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Free Content Rotavirus disease burden among children <5 years of age – Santa Rosa, Guatemala, 2007–2009

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Abstract:

Summary

Objectives  To assess the burden of rotavirus disease in Guatemala, in view of the recent introduction of a national rotavirus vaccination programme.

Methods  We examined data from an active, facility‐based surveillance system in Santa Rosa, Guatemala, from October 2007 through September 2009 among children <5 years of age presenting to the hospital or ambulatory clinics with diarrhoea (≥3 loose stools in 24 h during the last 7 days). Demographic and epidemiological data were collected, and specimens were tested for rotavirus via enzyme immunoassay. Genotyping was performed via reverse transcriptase polymerase chain reaction.

Results  We enrolled 347 hospitalized patients <5 years of age with diarrhoea and 1215 from ambulatory clinics. Specimens from 275 (79%) hospitalized children and 662 (54%) from ambulatory visits were tested for rotavirus. Rotavirus accounted for 32% of hospitalizations and 9% of ambulatory visits for diarrhoea, resulting in adjusted annual rates of 36 hospitalizations and 372 ambulatory visits per 10 000 children. Ninety‐one per cent of hospitalizations and 81% of ambulatory visits for rotavirus diarrhoea occurred in children <2 years. G1P8 represented 71% and 95% of rotavirus genotypes for 2007–2008 and 2008–2009 rotavirus seasons, respectively.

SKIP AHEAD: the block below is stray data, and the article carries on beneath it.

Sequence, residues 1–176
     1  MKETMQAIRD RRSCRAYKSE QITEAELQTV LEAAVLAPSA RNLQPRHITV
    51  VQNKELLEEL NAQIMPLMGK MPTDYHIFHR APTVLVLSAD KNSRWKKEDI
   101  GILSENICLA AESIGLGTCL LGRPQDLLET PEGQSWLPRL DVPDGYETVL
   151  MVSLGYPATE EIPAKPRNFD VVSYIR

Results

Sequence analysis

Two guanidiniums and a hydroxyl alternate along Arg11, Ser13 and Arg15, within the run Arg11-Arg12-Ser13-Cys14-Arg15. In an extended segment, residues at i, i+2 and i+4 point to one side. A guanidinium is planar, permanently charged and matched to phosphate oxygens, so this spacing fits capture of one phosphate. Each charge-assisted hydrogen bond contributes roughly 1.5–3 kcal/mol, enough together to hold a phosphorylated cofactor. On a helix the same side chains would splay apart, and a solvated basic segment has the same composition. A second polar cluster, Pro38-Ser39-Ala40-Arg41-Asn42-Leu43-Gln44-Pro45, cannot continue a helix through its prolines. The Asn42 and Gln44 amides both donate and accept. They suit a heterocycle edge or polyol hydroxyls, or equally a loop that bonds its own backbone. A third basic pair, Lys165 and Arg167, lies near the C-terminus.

Conclusions  Rotavirus is a major cause of diarrhoea in children <5 years of age in Santa Rosa, Guatemala, highlighting the potential health benefits of vaccination and the need for continued surveillance to assess impact and effectiveness of the rotavirus vaccination programme in Guatemala.

Language: English

Document Type: Research Article

DOI: https://doi.org/10.1111/j.1365-3156.2011.02911.x

Affiliations: 1:  Universidad del Valle de Guatemala, Guatemala 2:  Ministry of Public Health and Welfare, Guatemala 3:  Division of Viral Diseases, Centers for Disease Control and Prevention, Atlanta, GA, USA

Publication date: 2012-02-01

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